WASHINGTON, D.C. -- Newt Gingrich's large win in Saturday's South Carolina primary has led, inevitably, to the follow-up question: Can he parlay that moment into victory in the upcoming Florida primary?
There are obvious obstacles confronting the former House speaker. Florida is a much larger state with multiple media markets -- meaning that a candidate with actual money has a better chance of succeeding than one operating off of momentum. Add to that the absentee ballot advantages that Mitt Romney enjoys -- according to the Miami Herald, more than 185,400 absentee ballots have been cast so far -- and the fact that the Romney campaign has been running ads in the Sunshine State for weeks now, and it makes for an uphill battle for Gingrich.
So how does he win? Gingrich, on "Meet The Press" Sunday morning, said that in Florida, his case would be pretty "simple."
"You have a clear establishment candidate in Mitt Romney," he said. "Look where his money comes from, look at his background, look at what he did in Massachusetts."
On this front, Gingrich should get a nice assist from an allied super PAC, Winning Our Future.
In an interview with MSNBC Sunday morning, Rick Tyler, Gingrich's longtime spokesman who now helps head the super PAC, laid out a simple plan for the week ahead: tie Romney to Charlie Crist, the one-time beloved Florida governor who lost both his popularity and chances of serving in the Senate seat when he chose to be the moderate alternative to Tea Partier-turned-senator Marco Rubio.
"There's been a winnowing out of the conservative contenders," said Tyler. "I think Newt is now the only one left standing. So, if 75 percent of the party doesn't want Mitt and the Republican Party is acting like nominating Mitt is like getting a wildcat into a trash can, then I think the job is simple. We simply align Newt Gingrich with the 75 percent who don't want Mitt. I think here in Florida, all we have to do is remind people that Mitt Romney is Charlie Crist. If you voted for Charlie Crist, then you should vote for Mitt. If you didn't vote for Charlie Crist, then you should vote for Newt."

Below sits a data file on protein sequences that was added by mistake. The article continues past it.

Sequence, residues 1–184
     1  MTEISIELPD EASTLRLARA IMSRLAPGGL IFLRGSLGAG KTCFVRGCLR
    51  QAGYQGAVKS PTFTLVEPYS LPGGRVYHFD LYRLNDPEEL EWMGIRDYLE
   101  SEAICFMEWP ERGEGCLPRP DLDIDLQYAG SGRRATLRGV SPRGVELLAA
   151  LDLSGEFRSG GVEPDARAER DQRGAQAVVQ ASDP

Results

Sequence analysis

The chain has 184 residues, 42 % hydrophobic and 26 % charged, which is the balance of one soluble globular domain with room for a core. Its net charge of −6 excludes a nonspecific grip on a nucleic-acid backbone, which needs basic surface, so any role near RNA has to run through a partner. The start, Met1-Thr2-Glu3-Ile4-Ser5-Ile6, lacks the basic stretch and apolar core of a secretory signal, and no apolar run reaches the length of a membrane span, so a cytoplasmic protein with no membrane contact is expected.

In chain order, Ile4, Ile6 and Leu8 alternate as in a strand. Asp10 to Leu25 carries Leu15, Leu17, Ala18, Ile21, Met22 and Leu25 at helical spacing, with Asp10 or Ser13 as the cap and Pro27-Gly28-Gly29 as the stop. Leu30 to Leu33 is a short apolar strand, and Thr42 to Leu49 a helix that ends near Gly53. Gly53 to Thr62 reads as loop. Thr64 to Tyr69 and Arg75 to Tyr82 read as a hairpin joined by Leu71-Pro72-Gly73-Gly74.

BEFORE YOU GO
How to vote
Vote-by-mail ballot request deadline: Varies by state
For the Nov 3 election: States are making it easier for citizens to vote absentee by mail this year due to the coronavirus. Each state has its own rules for mail-in absentee voting. Visit your state election office website to find out if you can vote by mail.Get more information
In-person early voting dates: Varies by state
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General Election: Nov 3, 2020
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